By: Shaun Rundle, CPOA Deputy Director.
Just prior to breaking for their summer recess, legislators in Sacramento hustled to amend dozens of pieces of legislation regarding crowd control and riot response, use of force mandates, carotid restraints and even how law enforcement in California should dress. With headlines comes legislation, so it comes as no surprise in the wake of recent events nationwide. CPOA is not interested in scoring political points on these issues, as legislators and governors come and go. I am, however, committed to voicing your concerns and opinions as they impact a noble profession.
When the Legislature reconvenes at the end of August, they will take up various issues. Many of those issues are concerning different use of force responses, including use of kinetic energy projectiles, carotid restraints and chokeholds, use of force settlements, independent investigations, and riot and protest response. A common thread among these proposals, are that legislators fail to grasp many of the basic concepts of crowd control and de-escalation tactics.
One bill that our Law & Legislation Committee spend considerable time on last week, was AB 1196 (Gipson-D). Originally a bill dealing with education, AB 1196 was gutted in June, to restrict a LE agency from authorizing the use of a carotid restraint or a choke hold. Just a few weeks later, and as CPOA was discussing it with the author, it was amended last week to additionally outlaw “techniques or transport methods that involve a substantial risk of positional asphyxia,” as defined to include ‘putting weight on the subject’s back or neck or a prolonged period, or keep a subject waiting for transportation in a restrained position.” Well, you can see how this could be problematic.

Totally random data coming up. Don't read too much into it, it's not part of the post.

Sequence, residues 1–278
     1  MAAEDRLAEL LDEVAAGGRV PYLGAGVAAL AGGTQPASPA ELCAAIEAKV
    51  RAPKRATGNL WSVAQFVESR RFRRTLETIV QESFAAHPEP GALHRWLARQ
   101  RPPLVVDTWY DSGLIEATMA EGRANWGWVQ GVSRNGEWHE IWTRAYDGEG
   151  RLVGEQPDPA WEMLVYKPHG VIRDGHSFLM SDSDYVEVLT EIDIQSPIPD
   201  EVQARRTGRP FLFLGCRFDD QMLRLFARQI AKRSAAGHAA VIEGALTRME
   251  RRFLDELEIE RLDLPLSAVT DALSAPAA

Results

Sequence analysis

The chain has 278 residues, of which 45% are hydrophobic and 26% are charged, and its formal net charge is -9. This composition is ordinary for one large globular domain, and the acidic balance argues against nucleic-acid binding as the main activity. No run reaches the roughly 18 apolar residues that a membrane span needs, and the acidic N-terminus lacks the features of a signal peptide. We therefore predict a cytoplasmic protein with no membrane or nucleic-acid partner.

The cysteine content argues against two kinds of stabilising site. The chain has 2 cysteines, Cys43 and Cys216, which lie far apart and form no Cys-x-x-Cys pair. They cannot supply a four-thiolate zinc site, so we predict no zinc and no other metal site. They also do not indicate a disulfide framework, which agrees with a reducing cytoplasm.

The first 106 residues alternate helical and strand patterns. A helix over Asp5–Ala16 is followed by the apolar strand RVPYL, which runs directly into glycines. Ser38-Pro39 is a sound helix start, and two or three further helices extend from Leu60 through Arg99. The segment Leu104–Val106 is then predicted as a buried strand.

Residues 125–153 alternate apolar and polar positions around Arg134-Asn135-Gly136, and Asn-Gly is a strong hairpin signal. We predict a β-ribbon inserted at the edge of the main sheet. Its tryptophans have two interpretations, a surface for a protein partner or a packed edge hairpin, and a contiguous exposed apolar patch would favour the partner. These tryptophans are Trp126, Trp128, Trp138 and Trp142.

In addition to use of force proposals, recent legislation also says that that LE cannot wear any type of “substantially similar” uniform to the United States Armed Forces. Again, there is a lock of understanding of ‘similar’ types of vestments, such as MOLLE vest, which serves an ergonomic benefit to agency personnel.
For a list of recent bill proposals, as well as discussions that our Law & Legislation Committee had, click here.
Barring any other COVID-19 cases in the Capitol, the Legislature is scheduled to resume business on July 27th.